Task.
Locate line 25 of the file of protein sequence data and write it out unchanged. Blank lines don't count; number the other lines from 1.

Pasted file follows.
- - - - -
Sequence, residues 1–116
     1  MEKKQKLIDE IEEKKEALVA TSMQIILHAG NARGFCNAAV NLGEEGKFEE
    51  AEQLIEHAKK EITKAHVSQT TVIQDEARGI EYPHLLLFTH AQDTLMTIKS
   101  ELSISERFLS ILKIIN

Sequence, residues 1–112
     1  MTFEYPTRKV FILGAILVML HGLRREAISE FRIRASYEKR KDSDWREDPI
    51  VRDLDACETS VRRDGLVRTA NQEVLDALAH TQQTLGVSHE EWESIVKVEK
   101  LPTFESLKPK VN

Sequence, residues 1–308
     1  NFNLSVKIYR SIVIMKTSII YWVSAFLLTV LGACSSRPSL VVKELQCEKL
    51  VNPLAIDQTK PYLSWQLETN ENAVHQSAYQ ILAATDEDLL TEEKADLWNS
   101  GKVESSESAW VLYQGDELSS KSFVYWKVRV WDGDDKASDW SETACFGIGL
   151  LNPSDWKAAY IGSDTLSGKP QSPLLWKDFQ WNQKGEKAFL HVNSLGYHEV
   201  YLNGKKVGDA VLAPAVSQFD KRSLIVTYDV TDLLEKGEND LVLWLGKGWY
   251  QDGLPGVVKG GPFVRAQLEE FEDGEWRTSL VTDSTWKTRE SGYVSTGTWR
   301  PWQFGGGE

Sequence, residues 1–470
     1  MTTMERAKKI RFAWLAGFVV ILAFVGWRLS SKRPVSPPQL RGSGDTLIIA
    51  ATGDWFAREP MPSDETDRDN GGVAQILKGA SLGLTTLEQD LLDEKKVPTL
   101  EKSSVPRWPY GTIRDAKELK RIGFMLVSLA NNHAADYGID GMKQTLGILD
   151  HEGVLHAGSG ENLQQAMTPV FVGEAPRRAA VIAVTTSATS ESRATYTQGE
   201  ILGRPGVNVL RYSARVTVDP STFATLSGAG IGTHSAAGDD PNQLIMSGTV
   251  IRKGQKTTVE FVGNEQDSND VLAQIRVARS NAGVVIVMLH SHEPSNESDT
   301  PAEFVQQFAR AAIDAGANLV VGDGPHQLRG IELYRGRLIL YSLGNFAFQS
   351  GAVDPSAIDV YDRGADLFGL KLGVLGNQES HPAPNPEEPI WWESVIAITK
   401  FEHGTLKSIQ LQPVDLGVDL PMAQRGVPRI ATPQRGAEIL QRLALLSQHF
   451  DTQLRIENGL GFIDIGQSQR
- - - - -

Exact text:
   351  GAVDPSAIDV YDRGADLFGL KLGVLGNQES HPAPNPEEPI WWESVIAITK